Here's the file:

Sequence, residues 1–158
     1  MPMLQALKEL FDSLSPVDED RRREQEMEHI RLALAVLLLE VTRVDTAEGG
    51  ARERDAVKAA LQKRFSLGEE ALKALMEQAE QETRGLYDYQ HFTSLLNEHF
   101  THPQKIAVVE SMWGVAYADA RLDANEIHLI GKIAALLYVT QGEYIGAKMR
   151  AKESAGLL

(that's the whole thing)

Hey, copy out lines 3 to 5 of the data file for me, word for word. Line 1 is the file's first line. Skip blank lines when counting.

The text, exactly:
    51  ARERDAVKAA LQKRFSLGEE ALKALMEQAE QETRGLYDYQ HFTSLLNEHF
   101  THPQKIAVVE SMWGVAYADA RLDANEIHLI GKIAALLYVT QGEYIGAKMR
   151  AKESAGLL